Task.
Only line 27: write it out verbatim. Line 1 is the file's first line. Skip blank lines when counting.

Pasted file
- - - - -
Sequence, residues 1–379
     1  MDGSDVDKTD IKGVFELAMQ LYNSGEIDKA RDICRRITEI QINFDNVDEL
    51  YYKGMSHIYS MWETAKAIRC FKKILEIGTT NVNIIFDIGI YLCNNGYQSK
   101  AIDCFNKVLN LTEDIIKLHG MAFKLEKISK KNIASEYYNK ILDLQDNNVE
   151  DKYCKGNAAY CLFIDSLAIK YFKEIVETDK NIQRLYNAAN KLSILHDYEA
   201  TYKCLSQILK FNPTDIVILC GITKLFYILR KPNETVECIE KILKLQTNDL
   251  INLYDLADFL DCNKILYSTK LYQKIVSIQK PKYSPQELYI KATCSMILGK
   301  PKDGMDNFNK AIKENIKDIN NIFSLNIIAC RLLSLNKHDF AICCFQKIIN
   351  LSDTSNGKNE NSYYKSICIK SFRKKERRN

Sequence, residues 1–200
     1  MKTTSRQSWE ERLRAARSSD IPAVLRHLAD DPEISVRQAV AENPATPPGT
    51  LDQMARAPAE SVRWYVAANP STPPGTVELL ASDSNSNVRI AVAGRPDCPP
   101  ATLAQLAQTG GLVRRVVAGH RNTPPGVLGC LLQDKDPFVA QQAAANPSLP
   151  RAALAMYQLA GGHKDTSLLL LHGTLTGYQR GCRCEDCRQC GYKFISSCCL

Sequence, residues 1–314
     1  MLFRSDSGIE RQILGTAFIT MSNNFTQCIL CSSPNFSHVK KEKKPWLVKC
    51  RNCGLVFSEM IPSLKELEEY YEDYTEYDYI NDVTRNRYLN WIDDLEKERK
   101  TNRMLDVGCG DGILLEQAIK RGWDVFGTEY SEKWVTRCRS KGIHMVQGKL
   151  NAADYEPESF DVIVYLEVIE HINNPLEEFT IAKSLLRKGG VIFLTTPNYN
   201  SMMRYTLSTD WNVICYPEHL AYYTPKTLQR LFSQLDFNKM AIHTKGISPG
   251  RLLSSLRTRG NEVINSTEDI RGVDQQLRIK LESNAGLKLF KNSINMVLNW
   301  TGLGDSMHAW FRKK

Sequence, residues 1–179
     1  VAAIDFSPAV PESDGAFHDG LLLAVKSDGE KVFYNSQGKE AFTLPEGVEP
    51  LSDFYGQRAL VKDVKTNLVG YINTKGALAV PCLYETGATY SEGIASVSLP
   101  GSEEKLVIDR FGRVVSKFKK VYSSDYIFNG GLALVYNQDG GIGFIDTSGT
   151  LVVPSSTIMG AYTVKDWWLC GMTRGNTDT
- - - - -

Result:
   151  LVVPSSTIMG AYTVKDWWLC GMTRGNTDT